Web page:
In the midst of a four year drought, California’s limited snowpack promises another dry year in 2015. Mountain temperatures, which claim the hottest October - January period in 120 years, have prevented a snowpack formation. This snowpack typically provides one third of California’s water through meltwater each spring. The statewide snowpack currently holds only one-twentieth of its multidecade average.
The problem is not unique to California. The Pacific Northwest is feeling the effects as well. Washington and Oregon have both seen significantly hotter temperatures than normal this year which is similarly preventing a snowpack from building in Pacific Northwest mountains. Due to the temperatures, that little snow that does accumulate is melting earlier and contributing to the effects of drought later in the season.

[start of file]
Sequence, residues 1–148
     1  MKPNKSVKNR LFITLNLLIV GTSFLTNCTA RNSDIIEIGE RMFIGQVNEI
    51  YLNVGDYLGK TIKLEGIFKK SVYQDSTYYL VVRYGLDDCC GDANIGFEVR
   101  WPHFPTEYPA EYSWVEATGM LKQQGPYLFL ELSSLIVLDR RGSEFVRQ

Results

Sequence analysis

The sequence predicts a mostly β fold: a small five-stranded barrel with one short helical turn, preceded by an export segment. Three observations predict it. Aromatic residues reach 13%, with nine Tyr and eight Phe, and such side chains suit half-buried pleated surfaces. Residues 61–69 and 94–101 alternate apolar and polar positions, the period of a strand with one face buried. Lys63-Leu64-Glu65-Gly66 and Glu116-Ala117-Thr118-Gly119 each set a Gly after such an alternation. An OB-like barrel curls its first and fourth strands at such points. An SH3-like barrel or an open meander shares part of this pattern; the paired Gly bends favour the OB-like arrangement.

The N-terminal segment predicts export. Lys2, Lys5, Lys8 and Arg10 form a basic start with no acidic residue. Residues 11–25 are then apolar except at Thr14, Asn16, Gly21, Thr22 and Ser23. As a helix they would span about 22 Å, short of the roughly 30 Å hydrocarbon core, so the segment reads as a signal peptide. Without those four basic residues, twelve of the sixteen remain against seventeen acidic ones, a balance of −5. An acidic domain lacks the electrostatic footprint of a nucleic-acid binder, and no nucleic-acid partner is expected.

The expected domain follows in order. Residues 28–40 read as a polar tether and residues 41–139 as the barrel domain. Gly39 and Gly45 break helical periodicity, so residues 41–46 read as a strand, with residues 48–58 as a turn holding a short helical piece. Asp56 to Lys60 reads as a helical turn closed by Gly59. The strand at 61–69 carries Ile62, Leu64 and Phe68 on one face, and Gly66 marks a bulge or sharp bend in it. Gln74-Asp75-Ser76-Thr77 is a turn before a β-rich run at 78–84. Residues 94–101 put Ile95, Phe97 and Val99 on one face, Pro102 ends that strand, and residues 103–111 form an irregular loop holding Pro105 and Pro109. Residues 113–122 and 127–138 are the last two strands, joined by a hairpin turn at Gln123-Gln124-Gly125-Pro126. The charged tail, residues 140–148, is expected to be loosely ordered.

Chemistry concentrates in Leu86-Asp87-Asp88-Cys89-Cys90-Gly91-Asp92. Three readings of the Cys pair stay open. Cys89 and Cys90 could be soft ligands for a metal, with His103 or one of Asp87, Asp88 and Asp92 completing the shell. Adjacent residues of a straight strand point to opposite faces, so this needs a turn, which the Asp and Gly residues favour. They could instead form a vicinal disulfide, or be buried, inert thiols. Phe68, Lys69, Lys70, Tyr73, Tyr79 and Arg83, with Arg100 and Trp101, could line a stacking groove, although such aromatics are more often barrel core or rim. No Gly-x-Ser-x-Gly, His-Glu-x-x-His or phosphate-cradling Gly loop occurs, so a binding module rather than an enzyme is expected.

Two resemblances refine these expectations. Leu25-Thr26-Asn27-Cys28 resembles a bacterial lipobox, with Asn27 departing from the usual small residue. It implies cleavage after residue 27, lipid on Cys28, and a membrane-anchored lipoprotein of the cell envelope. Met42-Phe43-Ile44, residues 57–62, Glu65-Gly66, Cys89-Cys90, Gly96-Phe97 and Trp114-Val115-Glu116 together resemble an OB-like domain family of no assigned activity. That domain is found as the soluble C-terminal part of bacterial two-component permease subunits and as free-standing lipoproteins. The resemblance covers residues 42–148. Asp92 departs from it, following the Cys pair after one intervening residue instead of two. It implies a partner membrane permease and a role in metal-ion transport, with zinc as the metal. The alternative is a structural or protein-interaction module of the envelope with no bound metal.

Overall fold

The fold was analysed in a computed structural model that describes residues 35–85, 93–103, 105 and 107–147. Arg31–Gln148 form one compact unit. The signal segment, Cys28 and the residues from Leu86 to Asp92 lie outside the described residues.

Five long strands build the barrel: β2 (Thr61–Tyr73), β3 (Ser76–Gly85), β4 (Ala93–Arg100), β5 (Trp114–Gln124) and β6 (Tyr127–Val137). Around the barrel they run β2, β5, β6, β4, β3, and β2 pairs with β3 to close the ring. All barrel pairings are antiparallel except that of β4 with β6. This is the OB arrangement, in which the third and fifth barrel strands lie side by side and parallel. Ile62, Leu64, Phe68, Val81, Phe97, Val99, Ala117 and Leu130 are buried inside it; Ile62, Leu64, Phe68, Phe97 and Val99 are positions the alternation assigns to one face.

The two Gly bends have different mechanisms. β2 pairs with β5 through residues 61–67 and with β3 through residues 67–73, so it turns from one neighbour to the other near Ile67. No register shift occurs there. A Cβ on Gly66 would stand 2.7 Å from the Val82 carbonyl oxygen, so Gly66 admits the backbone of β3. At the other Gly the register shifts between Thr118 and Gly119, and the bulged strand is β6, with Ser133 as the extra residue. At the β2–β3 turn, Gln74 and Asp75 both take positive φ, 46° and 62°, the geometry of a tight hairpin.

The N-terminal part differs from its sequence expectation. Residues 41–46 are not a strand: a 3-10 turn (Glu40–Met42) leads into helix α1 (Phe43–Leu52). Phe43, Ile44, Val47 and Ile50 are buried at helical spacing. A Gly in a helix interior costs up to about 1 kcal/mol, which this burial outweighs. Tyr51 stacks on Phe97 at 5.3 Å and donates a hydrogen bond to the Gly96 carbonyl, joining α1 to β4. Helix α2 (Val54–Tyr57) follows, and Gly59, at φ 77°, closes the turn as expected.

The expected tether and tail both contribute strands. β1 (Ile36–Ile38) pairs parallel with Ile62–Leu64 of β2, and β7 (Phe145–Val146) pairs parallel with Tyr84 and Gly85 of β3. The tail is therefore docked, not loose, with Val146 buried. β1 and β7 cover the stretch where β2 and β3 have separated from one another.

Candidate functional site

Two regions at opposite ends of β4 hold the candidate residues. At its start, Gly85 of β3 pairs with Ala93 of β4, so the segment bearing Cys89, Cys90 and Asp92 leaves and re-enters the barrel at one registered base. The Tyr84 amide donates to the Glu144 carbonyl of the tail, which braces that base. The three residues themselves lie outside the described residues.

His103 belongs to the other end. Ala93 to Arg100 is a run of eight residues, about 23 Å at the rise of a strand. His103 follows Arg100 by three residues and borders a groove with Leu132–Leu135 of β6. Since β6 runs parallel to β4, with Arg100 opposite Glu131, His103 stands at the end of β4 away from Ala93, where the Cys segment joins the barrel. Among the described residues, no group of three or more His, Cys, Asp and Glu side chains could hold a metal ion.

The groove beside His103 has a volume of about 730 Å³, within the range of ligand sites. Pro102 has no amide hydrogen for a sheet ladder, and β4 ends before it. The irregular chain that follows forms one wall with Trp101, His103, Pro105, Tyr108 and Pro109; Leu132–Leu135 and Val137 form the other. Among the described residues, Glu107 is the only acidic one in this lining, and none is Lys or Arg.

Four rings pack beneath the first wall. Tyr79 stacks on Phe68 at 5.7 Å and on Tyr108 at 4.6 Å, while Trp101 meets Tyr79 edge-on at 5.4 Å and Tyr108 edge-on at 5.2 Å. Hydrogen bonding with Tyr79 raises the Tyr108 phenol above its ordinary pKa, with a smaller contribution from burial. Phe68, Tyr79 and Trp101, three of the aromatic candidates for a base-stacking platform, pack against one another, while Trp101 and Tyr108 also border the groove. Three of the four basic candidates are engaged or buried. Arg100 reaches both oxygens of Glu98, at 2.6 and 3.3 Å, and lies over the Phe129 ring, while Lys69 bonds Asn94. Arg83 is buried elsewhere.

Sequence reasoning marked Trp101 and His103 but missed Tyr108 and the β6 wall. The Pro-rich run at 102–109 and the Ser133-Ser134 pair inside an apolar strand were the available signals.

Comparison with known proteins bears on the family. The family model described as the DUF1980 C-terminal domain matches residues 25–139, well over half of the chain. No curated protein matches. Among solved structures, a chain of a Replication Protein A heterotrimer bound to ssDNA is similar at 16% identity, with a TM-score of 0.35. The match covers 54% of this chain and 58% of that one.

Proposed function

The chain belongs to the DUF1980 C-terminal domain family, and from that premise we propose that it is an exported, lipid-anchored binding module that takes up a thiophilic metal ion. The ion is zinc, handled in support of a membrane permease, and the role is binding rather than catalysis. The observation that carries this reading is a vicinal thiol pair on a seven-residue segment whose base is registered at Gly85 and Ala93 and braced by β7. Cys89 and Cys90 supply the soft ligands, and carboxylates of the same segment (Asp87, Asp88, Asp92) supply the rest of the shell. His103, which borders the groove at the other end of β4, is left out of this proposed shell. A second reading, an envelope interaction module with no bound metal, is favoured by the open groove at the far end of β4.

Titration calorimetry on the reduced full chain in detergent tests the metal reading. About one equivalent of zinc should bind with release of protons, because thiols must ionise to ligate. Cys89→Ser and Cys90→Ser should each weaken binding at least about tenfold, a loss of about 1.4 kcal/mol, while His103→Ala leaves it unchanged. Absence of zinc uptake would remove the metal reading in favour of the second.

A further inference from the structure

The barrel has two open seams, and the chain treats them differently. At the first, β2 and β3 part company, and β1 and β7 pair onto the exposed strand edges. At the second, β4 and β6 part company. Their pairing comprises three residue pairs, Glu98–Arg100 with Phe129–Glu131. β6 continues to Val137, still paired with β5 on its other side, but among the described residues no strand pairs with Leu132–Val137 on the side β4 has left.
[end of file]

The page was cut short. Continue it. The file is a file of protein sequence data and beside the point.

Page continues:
The jet stream, a narrow band of westerly circumpolar wind that typically moves cold weather systems from west to east, has been migrating north thanks to a persistent high-pressure ridge off the Pacific Coast. This frigid arctic air plunges south midcontinent, bypassing the western portion of the country, leaving the region in a water crisis.
Limited snowpack and warm temperatures are promising another year of barren croplands, water rationing, and increased pressure on an already stressed groundwater system. The groundwater supply is quickly dwindling and there are seemly no contingency plans in place should the trend continue. Water scientist Peter Gleick of the Pacific Institute in Oakland, CA writes, “The situation is extremely bad. We could get a March miracle, but the odds are against it.”
Source: National Geographic